20 May, 2024
2 mins read

Boosted UK legal aid rates ‘not enough’ to deal with Rwanda asylum cases | Immigration and asylum

The Law Society has warned that a proposed 15% increase in legal aid rates will not be enough to ensure that there are sufficient immigration lawyers to deal with the government’s controversial scheme to send asylum seekers to Rwanda.

The Ministry of Justice launched a consultation on 27 June about increasing legal aid rates by 15% for immigration lawyers representing asylum seekers threatened with removal to Rwanda under new rules in the illegal migration bill.

However, Lubna Shuja, the Law Society’s president, said the pay rise would not deal with the shortage of immigration lawyers in the system.

“There is a severe lack of capacity in the asylum and immigration sector, with many asylum seekers dispersed to areas with no legal aid provisions, and a growing asylum backlog,” she said. “The proposed fee increase alone, which will only be for those who have received a removal notice under the illegal migration bill, is not going to address this capacity crisis.”

Immigration lawyers have said that they share the Law Society’s concerns. They said that the work involved in representing asylum seekers facing removal to Rwanda would be both complex and intensive and that a 15% increase in the low rate of legal aid would not cover it.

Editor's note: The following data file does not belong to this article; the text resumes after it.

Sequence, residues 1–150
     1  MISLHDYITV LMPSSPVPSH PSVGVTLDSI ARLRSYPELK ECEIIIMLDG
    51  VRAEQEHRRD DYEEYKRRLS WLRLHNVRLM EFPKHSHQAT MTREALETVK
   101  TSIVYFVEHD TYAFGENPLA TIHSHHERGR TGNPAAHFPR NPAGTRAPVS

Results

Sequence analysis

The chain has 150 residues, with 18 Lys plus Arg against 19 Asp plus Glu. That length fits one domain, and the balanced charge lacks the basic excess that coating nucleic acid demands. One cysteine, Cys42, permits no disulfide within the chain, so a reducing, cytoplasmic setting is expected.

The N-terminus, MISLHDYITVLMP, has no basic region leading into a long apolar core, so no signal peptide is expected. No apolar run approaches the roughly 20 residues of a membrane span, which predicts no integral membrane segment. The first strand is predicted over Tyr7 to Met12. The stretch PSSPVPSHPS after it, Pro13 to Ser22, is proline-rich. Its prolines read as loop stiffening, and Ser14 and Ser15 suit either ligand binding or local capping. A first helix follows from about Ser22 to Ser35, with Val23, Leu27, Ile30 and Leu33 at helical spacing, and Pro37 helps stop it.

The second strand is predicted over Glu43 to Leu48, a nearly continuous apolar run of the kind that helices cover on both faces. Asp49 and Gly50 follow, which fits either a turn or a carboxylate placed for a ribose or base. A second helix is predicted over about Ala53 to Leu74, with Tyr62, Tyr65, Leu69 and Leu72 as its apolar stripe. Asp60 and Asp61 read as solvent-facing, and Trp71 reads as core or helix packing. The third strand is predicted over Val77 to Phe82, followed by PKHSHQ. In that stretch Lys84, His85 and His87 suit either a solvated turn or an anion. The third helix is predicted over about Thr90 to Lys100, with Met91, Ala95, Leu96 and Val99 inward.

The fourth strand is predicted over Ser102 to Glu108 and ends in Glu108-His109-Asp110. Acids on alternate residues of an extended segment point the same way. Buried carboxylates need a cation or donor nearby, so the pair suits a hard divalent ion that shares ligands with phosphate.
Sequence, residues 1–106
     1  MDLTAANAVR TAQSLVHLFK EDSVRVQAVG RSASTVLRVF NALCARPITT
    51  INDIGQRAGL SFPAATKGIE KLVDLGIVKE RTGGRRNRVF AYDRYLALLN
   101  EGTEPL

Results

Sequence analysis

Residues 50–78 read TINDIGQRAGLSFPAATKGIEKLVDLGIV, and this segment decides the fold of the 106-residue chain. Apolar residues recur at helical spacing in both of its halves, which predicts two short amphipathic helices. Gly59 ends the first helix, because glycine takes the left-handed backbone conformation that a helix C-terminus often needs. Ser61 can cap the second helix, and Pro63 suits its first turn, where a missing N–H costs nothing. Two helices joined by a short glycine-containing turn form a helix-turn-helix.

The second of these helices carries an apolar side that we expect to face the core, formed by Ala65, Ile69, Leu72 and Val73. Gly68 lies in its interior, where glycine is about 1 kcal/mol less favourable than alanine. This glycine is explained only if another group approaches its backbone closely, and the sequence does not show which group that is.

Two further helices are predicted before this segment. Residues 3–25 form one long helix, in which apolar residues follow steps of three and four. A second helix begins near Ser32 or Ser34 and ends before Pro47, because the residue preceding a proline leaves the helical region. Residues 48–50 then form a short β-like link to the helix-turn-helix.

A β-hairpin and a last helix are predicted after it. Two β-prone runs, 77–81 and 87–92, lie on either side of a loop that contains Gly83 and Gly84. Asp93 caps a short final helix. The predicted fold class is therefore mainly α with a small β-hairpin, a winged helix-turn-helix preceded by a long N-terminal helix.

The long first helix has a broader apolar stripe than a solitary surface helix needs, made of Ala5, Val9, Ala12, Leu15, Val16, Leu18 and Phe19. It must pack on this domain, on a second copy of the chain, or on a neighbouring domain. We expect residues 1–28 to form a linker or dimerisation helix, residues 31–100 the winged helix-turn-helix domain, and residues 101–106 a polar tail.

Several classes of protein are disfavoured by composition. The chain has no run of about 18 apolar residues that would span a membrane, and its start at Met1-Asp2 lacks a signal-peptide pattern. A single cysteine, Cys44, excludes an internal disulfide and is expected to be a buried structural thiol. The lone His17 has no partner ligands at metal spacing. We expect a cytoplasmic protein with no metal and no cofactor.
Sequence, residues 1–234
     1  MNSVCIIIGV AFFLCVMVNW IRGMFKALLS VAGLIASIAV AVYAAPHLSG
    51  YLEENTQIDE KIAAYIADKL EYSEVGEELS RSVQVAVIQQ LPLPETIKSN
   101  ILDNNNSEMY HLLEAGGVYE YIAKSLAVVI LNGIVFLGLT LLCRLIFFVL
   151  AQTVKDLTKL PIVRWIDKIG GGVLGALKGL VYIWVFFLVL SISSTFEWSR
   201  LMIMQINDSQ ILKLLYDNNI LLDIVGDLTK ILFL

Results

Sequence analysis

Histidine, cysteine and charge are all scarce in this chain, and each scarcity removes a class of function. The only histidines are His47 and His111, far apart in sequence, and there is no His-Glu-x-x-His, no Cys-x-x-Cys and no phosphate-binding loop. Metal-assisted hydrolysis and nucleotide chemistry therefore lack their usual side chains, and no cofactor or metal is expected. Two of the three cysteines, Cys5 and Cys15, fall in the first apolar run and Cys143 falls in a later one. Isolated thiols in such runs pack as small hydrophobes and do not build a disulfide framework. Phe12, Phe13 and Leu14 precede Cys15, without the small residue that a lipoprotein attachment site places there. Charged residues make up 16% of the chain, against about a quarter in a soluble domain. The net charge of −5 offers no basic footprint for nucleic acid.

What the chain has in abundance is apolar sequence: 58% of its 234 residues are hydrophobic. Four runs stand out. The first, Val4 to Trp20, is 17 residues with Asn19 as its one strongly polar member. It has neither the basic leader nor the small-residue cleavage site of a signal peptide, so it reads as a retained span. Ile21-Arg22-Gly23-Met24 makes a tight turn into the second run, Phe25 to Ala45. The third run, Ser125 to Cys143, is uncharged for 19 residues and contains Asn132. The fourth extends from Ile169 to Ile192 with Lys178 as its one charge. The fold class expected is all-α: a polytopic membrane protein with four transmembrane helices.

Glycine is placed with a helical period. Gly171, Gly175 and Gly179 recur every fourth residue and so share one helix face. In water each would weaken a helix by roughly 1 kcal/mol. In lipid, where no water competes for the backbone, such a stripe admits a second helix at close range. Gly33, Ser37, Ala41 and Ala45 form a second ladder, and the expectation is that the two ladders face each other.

At the moment the hourly rate for asylum work is approximately £52 in London and £47 outside London. If asylum seekers are unable to access legal advice the government’s removal notices could face challenges in the courts.

Duncan Lewis, the UK’s largest legal aid firm doing asylum and immigration work, which has thousands of asylum cases, has said that it may have to largely pull out of representing asylum seekers threatened with being sent to Rwanda because the proposed increase in legal aid rates is “unworkable”.

Jeremy Bloom, a solicitor and supervisor in

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US ready second attempt at speedy border asylum screenings

SAN DIEGO — President Joe Biden scrapped expedited asylum screenings during his first month in office as part of a gutting of Trump administration border polices that included building a wall with Mexico. Now he is preparing his own version.

Donald Trump’s fast-track reviews drew sharp criticism from internal government watchdog agencies as the percentage of people who passed those “credible fear interviews” plummeted. But the Biden administration has insisted its speedy screening for asylum-seekers is different: Interviews will be done exclusively by US Citizenship and Immigration Services, not by Border Patrol agents, and everyone will have access to legal counsel.

The decision to use fast-track screenings comes as COVID-19 asylum restrictions are set to expire on May 11 and the US government prepares for an expected increase in illegal crossings from Mexico. The Texas border cities of El Paso, Laredo and Brownsville have declared local states of emergency in recent days to prepare for the anticipated influx.

Normally, about three in four migrants pass credible fear interviews, though far fewer eventually win asylum. But during the five months of the Trump-era program, only 23% passed the initial screening, while 69% failed and 9% withdrew, according to the Government Accountability Office.